You thought that Pope Francis was making questionable and confusing statements? Here’s what the Catholic Register and the chief marriage canonist of the Canadian Conference of Catholic Bishops are saying about marriage:
Most people on their wedding day are thinking about love. But the Catholic Church rule says that the necessary condition for a sacramental marriage is free and informed consent — not love. When marriages break down and after divorce Catholics seek a declaration of nullity, they are not asked “Did you love him?” They are asked “Did you know what a marriage is and did you freely enter into it?”
“When (I) talk to people who are not canonists, I’m very embarrassed to say that according to canon law it’s not love that makes a marriage but consent,” Canada’s top canon lawyer told The Catholic Register. (Source)
That’s a sloppy and misleading thing to say. It’s borderline defamatory towards Christ and his Church. It makes the Church seem like a cold, arbitrary law firm.
It’s true that the exchange of vows between the spouses is the key element that ties the knot. But why create a false dichotomy between consent and love? Just what exactly are the spouses consenting to? They’re not consenting to “being married”, as if they were applying for citizenship. They’re consenting to love as Christ loves us, the Church. This involves a complete and unconditional gift of the spouses to each other, holding nothing back. As the Catechism says:
The consent consists in a “human act by which the partners mutually give themselves to each other”: “I take you to be my wife” – “I take you to be my husband.” This consent that binds the spouses to each other finds its fulfillment in the two “becoming one flesh.” (CCC #1627)
The wedding vows of indissolubility, fidelity and openness to children are precisely designed to manifest the same qualities of free, total, faithful and fruitful love that Christ has for the Church. A withholding of consent that leads to a decree of nullity really means that at least one the spouses, at the time of the vows on their wedding day, did not intend to love as Christ loves. So consent has everything to do with love and it makes no sense to create a dichotomy between the two.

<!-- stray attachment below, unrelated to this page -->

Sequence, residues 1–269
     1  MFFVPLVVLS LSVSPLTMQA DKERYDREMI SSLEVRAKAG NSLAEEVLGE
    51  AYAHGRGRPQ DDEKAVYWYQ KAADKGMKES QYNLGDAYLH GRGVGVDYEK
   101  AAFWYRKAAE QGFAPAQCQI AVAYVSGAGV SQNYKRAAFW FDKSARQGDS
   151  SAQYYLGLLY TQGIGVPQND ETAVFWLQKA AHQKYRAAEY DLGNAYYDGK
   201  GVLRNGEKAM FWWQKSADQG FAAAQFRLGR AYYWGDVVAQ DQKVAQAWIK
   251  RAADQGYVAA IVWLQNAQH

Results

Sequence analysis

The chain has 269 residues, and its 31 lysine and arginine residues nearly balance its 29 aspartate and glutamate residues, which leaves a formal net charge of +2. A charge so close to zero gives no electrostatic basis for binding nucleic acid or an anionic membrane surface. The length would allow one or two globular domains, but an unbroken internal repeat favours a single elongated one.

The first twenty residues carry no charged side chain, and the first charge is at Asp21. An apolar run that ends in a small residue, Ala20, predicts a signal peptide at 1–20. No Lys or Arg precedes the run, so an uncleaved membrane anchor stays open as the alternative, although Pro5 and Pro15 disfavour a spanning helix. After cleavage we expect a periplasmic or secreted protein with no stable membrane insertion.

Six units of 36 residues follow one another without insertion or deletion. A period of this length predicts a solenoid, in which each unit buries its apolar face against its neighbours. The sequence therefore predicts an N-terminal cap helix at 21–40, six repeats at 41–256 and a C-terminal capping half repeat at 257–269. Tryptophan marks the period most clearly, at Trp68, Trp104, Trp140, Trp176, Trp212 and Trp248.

Perhaps the men in the article were speaking of “love” in the Hollywood sense of the term, meaning a fleeting emotion, infatuation or other elusive state of mind. But that’s not the Christian meaning of love in the context of marriage.
It may be convenient for some circles in the Church to make marriage seem like a legal proceeding devoid of love, because that makes people more pre-disposed to demand changes. Nobody likes legalism and lawyers, right? It’s the good ol’ straw man rhetorical approach.
But there’s another angle they’re missing. Given that the sacrament of marriage is a special sign of Christ’s unconditional and faithful love for the Church, what sacramental image would we be sending by diluting the indissolubility of marriage? The dirty sacramental implication is that Christ isn’t faithful, that he will only love and forgive us until he gets bored, at which point he may dump us any time. You see, the indissolubility of marriage goes to the very heart of the revelation of God to humanity. Good luck evangelizing with a notion of an unfaithful god.